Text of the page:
COVID-19 wouldn’t have impressed my great-grandmother Gracie too much, I’ll bet. I was expressing this notion to a few colleagues on Friday in an office ping thread where we were heaving a collective sigh over the language that’s everywhere you turn right now: in these uncertain times, we are here for you, we’re all in this together—it’s growing so tiresome, isn’t it? Speaking only for myself, I find those turns of phrase lose a little more meaning with each passing day. One coworker said he was toying with keeping a list of companies whose intentions are questionable (read: we ‘care’ about our employees but instead of giving them a leg up, we’ll spend a fortune on this advert where we give ourselves a giant high five for being so dang caring) and stop buying from them. I hear his frustration and feel it too.
Anyway. My great-grandmother was a fierce woman, had a quirky personality to be sure, but was beloved by all. She was born in 1899, died in 1992, so suffice it to say she lived through plenty of suffering in her lifetime. Were she alive now, the biggest challenge any of us in her family might face would be keeping her safe, because she was apt to throw caution to the wind in the face of constraints. Wearing a face mask? That would be a tough call for a woman who defied nursing home rules in the last chapter of her life and smoked in her en-suite toilet instead of going to the lounge to do it, where she’d be forced to listen to the kind of half-witted yammer she detested. That was finally the cruelest blow in her last years, I think: A lifetime of bad lifestyle choices had taken their toll on her, and her sharp mind had no choice except to occupy a failing vessel of a body. She would have her cigarette where she wanted to have it. But COVID-19 rules? Lordy.
The virus is real though, and up this way we’re still observing the rules, most of us. On an afternoon walk last week Scout and I came across a man and a boy, I’m assuming his kid, the man standing on the sidewalk in our pathway, the boy perched on a tractor parked on the road, pretending to drive it. I whipped out my mask and put it on, because I couldn’t see a way to get around the two of them without breaking the six-foot rule. But as we came closer, I noticed no traffic coming behind us at all, and so Scout and I crossed the street, crisis averted. We continued on our way but as soon as we came parallel with them, the man raised his voice so I could hear him explaining to his kid that nobody could make him wear a mask; the kid just sat there saucer-eyed, drinking in this bit of ‘wisdom’ from his role model while he watched us walk by.
I thought about the octogenarian who lives right around the corner and whose groceries I had helped unload and haul to her porch a few days earlier. She wasn’t masked, but I was—I kept a respectful distance from her and placed the groceries on her front porch where she directed me to. She seemed so sweet and told me how walking the aisles in the grocery store had just about worn her out. I said, yes, grocery shopping is especially tiring right now because of the one-way traffic; she thanked me, and Scout and I continued home. Later on, I told David about her and said I wished we knew her and could just go get her groceries, but in the same instant it occurred to me that the very act of getting out and doing her own shopping is probably actually good for her. Except when it isn’t, because of people like the man and the kid on the tractor and others of their ilk who insist their ‘constitutional rights’ are somehow being violated because town leaders are asking them to abide by rules to slow the spread of a deadly virus.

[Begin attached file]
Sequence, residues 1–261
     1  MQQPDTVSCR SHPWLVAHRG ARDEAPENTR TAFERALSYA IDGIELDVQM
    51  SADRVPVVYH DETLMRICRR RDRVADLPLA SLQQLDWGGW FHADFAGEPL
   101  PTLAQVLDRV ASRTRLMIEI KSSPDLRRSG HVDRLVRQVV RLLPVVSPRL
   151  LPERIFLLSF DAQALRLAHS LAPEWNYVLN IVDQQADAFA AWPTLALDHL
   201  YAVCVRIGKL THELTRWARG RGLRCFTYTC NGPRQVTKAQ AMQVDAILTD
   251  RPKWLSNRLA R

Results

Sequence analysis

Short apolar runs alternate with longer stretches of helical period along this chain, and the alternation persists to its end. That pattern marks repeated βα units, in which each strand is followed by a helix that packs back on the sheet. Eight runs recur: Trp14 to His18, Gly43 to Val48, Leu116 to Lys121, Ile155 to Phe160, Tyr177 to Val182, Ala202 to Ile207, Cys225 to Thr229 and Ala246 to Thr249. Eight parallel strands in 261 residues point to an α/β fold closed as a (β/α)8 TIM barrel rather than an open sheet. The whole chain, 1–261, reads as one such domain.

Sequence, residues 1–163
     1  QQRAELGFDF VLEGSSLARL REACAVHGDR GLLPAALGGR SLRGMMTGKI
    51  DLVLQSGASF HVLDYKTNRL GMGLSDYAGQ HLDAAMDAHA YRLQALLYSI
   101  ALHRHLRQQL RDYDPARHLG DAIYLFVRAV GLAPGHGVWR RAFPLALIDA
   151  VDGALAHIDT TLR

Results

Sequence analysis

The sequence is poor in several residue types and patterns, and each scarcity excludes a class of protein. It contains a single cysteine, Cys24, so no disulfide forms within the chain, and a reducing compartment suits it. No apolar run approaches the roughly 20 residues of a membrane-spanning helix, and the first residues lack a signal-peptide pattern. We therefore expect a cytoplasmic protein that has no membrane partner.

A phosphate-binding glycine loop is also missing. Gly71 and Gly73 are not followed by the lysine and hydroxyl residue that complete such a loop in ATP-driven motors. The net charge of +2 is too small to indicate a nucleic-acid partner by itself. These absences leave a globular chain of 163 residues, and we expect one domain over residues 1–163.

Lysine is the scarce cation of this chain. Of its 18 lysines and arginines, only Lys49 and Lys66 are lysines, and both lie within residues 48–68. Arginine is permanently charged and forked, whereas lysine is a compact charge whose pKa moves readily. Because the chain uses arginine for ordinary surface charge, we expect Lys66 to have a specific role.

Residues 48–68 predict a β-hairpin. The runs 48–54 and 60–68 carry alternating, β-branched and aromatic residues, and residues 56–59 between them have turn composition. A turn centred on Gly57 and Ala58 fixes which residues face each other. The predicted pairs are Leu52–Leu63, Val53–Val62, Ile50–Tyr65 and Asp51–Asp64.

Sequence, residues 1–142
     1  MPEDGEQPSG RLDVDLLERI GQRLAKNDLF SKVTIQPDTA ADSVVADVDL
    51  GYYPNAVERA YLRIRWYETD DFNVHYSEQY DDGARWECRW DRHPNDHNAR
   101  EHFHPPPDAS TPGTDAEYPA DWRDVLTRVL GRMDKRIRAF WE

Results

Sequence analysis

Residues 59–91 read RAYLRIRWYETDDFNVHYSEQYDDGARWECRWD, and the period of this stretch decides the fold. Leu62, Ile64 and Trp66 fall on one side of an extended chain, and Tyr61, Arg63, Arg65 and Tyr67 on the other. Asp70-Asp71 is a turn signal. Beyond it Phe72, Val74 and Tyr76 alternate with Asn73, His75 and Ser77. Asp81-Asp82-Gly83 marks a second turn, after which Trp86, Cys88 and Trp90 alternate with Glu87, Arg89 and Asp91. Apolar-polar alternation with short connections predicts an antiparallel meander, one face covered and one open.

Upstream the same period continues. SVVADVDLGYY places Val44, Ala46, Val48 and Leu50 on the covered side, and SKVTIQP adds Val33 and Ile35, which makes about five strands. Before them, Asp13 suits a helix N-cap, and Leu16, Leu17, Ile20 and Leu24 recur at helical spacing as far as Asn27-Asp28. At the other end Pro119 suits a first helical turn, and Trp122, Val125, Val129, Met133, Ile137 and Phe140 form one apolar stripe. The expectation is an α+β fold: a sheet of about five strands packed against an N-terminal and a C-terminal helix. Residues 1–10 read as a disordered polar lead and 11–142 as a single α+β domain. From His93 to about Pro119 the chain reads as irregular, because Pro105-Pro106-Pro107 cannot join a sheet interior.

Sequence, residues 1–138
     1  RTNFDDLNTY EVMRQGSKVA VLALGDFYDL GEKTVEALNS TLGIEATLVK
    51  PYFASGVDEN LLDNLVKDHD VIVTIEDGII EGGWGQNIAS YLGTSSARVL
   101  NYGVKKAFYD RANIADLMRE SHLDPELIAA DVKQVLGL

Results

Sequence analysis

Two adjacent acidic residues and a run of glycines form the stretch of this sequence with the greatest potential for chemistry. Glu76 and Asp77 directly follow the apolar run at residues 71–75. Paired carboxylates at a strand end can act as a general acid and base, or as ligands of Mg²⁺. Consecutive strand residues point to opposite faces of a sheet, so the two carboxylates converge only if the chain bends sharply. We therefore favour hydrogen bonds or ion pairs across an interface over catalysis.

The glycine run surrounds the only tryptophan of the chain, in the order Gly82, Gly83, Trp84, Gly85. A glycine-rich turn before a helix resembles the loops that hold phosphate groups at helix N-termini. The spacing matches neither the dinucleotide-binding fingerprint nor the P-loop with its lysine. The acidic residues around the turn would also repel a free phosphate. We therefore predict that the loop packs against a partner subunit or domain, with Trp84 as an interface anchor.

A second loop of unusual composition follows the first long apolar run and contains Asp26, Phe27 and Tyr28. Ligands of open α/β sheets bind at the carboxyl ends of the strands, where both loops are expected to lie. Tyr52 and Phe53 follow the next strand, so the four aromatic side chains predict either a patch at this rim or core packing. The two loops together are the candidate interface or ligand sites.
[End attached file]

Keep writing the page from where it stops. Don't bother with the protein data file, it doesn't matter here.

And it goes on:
I learned the meaning of ‘democracy’ from my first-grade teacher. That was a long time ago and I can’t remember many specific details, but one comment she made congealed and has stuck with me forever: Your right to swing your arm ends when it reaches my nose. You’ve heard it, probably, in one of its many iterations, the original attributable to different people. But for my six-year-old self, that evocative statement was so clear and insightful. And surely if a first-grader can comprehend it….
But I digress. Here’s what’s been happening around here on this first unequivocally spring-like weekend in our tiny corner of southwestern Vermont.
Yesterday David and I participated via Zoom in the high school graduation of one of my Knoxville Ballet School students, the commencement exercises in a back yard, with three participating families and their daughters practicing social distancing (there were even three separate mics set up for each family to read aloud the speeches they prepared for the three lovely young women). So strange, so memorable, and so bittersweet. As I told her mama, I can’t believe the little peanut of a child who came to me at age six for her first-ever ballet instruction is now striking out on her own as a young adult. I’m so proud of her and what she’s accomplished in the intervening years, and impressed by the examples her parents have lived for her—superlative role models, to be sure.
Stay safe and healthy, be well. And to echo the sentiments of one Maurice Sendak, Live your life, live your life, live your life.